New Apartments Have a Columbus Circle View
by Gloria Wright - Wednesday, August 27th, 2014
443 S. Warren St. overlooks Columbus Circle

Attorneys Tom and Julie Cerio believe densely built South Warren Street is the next step in downtown living.

“I think everything is coming this way,” Julie Cerio said.

The couple is nearly finished building two apartments at 443 S. Warren St. with balconies overlooking the Onondaga County Courthouse and Columbus Circle.
They bought the former Quartier Printing building for $125,000 in May 2013. Finishing touches are under way, and the apartments will be ready for lease by the end of September.

John Bieber of Bieber Woodworks installs cabinets in the kitchen of one of two apartments at 443 S. Warren St.

John Bieber of Bieber Woodworks installs cabinets in the kitchen of one of two apartments at 443 S. Warren St.

“Everything is new. Top to bottom new,” said Julie Cerio, Onondaga County economic development director. “We loved the open space and really liked the outdoor space.”

Each 2,800-square-foot apartment takes up a floor of the building. The first floor will be commercial space.

Each apartment has a great room with a balcony, kitchen, pantry, two bedrooms, two full and one half baths, an office and a laundry room with a sink and closet space.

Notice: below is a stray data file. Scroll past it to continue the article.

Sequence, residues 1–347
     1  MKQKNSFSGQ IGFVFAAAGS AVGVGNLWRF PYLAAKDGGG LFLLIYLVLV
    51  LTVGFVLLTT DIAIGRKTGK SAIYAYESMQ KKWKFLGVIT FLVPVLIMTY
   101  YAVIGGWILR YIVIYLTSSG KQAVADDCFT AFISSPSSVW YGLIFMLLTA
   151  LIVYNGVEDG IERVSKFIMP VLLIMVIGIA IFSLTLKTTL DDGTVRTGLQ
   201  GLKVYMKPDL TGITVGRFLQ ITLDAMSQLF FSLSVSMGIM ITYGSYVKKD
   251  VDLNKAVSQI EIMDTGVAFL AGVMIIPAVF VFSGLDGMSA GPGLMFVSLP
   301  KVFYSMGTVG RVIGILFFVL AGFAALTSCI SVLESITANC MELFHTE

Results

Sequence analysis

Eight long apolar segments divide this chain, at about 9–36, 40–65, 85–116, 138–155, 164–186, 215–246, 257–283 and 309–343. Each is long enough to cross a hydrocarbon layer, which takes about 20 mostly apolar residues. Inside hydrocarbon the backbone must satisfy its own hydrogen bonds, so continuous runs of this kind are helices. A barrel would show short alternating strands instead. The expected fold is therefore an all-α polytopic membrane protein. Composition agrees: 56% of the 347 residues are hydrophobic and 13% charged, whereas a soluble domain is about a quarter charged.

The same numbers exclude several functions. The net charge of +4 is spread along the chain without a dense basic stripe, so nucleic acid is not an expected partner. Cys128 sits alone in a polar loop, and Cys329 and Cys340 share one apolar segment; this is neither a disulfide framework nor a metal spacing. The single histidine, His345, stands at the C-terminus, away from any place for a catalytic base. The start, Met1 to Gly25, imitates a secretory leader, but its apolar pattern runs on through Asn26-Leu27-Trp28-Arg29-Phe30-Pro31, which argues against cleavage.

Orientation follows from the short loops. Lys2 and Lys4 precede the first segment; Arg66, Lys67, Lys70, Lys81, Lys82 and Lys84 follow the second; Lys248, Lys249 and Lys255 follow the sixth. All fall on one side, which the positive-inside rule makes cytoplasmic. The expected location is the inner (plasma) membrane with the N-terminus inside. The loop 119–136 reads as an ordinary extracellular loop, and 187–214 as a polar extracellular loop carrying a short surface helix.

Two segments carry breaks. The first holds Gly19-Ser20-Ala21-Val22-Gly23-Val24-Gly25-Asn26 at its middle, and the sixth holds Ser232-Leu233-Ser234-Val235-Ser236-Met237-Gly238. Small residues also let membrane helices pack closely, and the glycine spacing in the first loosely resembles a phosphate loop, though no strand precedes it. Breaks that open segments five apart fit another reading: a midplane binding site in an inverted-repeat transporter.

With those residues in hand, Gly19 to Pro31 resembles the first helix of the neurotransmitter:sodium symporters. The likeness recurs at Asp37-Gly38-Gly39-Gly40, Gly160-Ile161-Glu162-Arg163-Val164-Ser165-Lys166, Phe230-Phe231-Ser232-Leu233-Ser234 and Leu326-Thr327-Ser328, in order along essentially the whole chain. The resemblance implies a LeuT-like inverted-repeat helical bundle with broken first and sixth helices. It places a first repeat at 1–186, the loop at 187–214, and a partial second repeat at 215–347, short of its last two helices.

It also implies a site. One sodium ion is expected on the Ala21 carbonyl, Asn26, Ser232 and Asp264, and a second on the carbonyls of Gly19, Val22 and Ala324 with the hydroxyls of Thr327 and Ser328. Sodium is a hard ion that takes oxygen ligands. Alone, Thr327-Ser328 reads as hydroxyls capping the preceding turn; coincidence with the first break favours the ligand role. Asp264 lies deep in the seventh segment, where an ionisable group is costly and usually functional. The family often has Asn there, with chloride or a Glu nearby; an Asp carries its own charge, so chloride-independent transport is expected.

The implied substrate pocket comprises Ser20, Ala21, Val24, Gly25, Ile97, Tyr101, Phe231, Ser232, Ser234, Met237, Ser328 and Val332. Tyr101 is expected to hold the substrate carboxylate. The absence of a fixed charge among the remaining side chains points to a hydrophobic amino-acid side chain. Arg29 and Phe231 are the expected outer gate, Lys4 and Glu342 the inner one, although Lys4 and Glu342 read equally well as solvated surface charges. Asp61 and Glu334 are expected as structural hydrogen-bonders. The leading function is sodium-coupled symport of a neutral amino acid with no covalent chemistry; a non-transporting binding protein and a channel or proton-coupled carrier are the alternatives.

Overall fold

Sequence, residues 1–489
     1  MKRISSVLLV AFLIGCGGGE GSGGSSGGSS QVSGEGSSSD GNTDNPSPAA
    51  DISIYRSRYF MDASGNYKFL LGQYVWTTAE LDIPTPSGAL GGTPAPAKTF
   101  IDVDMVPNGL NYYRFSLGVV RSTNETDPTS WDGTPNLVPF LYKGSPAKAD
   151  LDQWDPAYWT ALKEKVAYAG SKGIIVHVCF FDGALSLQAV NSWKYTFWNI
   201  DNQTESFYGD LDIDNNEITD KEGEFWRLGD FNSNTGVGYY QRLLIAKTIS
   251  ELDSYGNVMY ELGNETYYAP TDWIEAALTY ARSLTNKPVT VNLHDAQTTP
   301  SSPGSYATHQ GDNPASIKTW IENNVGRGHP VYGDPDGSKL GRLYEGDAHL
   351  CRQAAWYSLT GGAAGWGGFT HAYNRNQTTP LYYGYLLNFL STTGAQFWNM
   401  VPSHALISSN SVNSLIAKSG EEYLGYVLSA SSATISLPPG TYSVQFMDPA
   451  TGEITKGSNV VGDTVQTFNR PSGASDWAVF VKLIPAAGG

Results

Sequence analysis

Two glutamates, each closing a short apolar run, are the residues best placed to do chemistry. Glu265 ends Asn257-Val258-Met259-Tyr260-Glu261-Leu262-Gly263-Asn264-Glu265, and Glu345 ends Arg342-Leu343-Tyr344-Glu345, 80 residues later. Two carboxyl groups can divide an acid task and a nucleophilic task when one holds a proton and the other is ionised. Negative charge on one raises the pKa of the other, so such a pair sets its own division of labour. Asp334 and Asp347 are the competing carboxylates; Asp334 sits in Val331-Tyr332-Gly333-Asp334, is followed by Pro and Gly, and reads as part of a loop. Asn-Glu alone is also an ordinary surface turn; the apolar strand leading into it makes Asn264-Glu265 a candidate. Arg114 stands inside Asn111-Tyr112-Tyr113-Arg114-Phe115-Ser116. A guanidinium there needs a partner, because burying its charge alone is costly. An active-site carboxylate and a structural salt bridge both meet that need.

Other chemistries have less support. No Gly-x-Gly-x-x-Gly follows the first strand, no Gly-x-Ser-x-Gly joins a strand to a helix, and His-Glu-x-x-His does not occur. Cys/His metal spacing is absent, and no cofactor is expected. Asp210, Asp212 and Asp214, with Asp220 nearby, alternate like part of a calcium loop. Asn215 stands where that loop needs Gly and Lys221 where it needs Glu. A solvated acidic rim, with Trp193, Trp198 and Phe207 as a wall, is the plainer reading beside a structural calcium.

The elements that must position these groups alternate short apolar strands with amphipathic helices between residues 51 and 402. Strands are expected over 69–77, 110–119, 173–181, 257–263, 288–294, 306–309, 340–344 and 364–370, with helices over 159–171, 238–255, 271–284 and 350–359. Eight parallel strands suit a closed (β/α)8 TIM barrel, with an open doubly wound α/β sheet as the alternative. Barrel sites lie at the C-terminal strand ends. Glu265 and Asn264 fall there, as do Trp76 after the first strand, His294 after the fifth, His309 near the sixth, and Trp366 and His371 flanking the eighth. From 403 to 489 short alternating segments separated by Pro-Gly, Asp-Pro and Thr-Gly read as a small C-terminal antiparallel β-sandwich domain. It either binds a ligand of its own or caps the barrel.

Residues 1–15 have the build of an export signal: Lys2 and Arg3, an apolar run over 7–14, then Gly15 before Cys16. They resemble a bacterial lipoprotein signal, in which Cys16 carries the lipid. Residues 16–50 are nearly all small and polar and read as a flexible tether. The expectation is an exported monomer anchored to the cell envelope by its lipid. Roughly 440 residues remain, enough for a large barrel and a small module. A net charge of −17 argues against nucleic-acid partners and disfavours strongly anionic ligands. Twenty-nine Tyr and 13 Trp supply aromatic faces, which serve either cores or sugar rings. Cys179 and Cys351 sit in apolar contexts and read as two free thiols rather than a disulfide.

The kitchens have granite counters, stainless steel appliances and a pot-filler faucet over the stovetop. The master bedrooms have walk-in and shoe closets. The full baths have rainfall shower heads and soaker tubs. The two bedrooms have views of South Warren Street, while steps in the great room lead to a balcony. Each apartment comes with two parking spaces in a lot behind the building.

Painter Brian Thompson does touch-up work in the living room at 443 S. Warren St.

Painter Brian Thompson does touch-up work in the living room at 443 S. Warren St.

Tom Cerio said he has not decided on rents but already has prospective tenants interested in the apartments.

The couple have done commercial and residential developments before, but this is their first downtown residential project.

Their research of the building’s history didn’t turn up much, they said. It dates from the 1920s, and the interior was rebuilt in the 1960s by the Bank of New York.

The building is around the corner and a few blocks to Tom Cerio’s next project: the former First Baptist Church, also known as Mizpah Tower. He bought the building from the city for $30,000 and hopes to turn it into a mixed-use building with commercial space and luxury apartments.